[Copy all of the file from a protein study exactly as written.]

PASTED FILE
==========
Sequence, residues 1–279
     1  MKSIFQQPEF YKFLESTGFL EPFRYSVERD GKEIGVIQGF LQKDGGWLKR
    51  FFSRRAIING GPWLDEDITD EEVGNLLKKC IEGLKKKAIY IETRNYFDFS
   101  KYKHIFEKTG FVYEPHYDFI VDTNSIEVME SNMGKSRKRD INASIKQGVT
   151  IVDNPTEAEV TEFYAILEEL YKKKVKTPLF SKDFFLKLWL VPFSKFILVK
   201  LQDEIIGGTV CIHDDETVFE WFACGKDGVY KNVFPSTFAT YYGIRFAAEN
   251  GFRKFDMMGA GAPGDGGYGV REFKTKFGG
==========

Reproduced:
Sequence, residues 1–279
     1  MKSIFQQPEF YKFLESTGFL EPFRYSVERD GKEIGVIQGF LQKDGGWLKR
    51  FFSRRAIING GPWLDEDITD EEVGNLLKKC IEGLKKKAIY IETRNYFDFS
   101  KYKHIFEKTG FVYEPHYDFI VDTNSIEVME SNMGKSRKRD INASIKQGVT
   151  IVDNPTEAEV TEFYAILEEL YKKKVKTPLF SKDFFLKLWL VPFSKFILVK
   201  LQDEIIGGTV CIHDDETVFE WFACGKDGVY KNVFPSTFAT YYGIRFAAEN
   251  GFRKFDMMGA GAPGDGGYGV REFKTKFGG